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Organochlorine pesticides and PCBs in stream sediment and aquatic biota : initial results from the National Water-Quality Assessment Program, 1992-1995

Water-Resources Investigations Report 2000-4053

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Abstract

One of the goals of the National Water-Quality Assessment (NAWQA) Program of the U.S. Geological Survey is to assess the status and trends in the nation's water quality and to understand the natural and anthropogenic factors that affect water-quality conditions. This report summarizes the occurrence and distribution of 33 organochlorine compounds in fluvial bed sediment and aquatic biota (whole freshwater fish and freshwater bivalves) sampled by NAWQA investigations between 1991 and 1994. These include historically used insecticides (DDT and metabolites, chlordane and its various components, and dieldrin), some currently used pesticides (permethrin and dacthal) and some industrial chemicals and byproducts (PCBs and hexacloro- benzene). Samples were collected at approximately 500 sites in 19 large hydrologic basins throughout the United States. Contaminant levels in bed sediment and aquatic biota are summarized, first on a national basis, and then by land-use classification (for example, urban, cropland, pasture and rangeland, and forest). Nationally, detection frequencies are highest in sediment and biota for the more persistent organochlorine compounds: total DDT, total chlordane, dieldrin, and total PCBs. Organochlorine compounds were detected more frequently in whole fish than in bivalves or bed sediment. Organochlorine pesticide concentrations were relatively high in agricultural regions with histories of high use. The highest organochlorine compound concentrations in both sediment and biota generally were associated with urban areas. Some organochlorine concentrations in sediment exceeded guidelines for the protection of aquatic organisms. A screening-level comparison of measured organochlorine concentrations in whole fish was made with human health guidelines that are applicable to edible fish. This comparison indicates stream sites at which additional sampling of game fish fillets may be warranted, depending on local patterns of fish consumption. A comparison of current national contaminant levels with previous studies of this scope suggests a gradual decrease in organochlorine contaminant levels, at least in fish.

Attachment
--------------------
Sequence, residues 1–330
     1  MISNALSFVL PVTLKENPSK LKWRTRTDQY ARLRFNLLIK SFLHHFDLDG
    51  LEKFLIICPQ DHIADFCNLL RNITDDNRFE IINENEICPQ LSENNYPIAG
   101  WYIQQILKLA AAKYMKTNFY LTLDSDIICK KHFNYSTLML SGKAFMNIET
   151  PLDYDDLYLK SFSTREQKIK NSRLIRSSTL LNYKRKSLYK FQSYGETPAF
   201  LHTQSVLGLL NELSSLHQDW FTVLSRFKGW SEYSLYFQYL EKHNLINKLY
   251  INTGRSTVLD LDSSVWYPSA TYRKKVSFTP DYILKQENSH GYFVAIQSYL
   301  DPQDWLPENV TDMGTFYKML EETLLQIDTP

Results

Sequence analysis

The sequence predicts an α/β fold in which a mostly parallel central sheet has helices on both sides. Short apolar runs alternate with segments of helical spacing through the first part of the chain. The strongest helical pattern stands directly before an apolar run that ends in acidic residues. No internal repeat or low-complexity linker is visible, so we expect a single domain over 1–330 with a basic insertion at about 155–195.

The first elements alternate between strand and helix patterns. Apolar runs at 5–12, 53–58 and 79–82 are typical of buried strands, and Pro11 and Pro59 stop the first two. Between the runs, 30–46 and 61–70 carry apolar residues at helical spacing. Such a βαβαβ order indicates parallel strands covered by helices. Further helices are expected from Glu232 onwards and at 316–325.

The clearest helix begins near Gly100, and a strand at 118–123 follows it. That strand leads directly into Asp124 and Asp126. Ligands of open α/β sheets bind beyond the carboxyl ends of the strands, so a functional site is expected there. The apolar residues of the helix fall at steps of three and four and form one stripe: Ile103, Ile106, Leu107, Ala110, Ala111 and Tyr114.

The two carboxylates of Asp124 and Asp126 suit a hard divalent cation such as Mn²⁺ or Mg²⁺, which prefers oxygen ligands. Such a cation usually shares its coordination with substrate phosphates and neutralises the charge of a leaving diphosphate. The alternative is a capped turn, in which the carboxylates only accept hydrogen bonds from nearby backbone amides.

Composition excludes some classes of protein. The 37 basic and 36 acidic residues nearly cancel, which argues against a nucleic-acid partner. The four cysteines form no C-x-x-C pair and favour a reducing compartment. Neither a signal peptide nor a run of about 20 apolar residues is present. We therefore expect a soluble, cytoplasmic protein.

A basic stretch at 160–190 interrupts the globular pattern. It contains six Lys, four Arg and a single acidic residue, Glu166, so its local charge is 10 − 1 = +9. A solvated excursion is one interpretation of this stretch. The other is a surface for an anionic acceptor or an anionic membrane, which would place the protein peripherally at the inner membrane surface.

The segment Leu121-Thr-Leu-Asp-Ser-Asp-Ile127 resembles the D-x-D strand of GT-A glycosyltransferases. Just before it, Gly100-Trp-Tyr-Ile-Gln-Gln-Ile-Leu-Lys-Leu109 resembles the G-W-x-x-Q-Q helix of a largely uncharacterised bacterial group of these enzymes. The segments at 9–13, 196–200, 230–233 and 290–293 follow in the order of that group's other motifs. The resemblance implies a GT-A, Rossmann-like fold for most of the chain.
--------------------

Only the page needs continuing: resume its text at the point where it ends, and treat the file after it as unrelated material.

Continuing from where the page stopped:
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Additional Publication Details

Publication type:
Report
Publication Subtype:
USGS Numbered Series
Title:
Organochlorine pesticides and PCBs in stream sediment and aquatic biota : initial results from the National Water-Quality Assessment Program, 1992-1995
Series title:
Water-Resources Investigations Report
Series number:
2000-4053
Year Published:
2000
Language:
English
Publisher:
U.S. Geological Survey
Publisher location:
Sacramento, CA
Description:
viii, 88 p.
Country:
United States
Additional Online Files(Y/N):
N